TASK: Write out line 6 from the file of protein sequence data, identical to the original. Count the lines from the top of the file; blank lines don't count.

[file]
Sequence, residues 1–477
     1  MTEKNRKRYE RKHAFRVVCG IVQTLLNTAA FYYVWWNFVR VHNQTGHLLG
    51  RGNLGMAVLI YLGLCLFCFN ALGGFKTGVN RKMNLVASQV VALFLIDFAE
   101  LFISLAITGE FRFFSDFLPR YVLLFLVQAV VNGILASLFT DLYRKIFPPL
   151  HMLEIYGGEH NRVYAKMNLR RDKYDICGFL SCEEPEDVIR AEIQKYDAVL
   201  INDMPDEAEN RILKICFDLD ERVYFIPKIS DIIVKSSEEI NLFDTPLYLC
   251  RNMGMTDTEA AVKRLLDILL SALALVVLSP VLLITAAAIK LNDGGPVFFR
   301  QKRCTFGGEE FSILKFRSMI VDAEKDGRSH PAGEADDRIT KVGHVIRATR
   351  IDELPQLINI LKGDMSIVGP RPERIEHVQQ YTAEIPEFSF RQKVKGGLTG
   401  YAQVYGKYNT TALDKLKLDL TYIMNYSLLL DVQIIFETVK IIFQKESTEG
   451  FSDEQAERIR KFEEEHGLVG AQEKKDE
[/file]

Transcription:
   201  INDMPDEAEN RILKICFDLD ERVYFIPKIS DIIVKSSEEI NLFDTPLYLC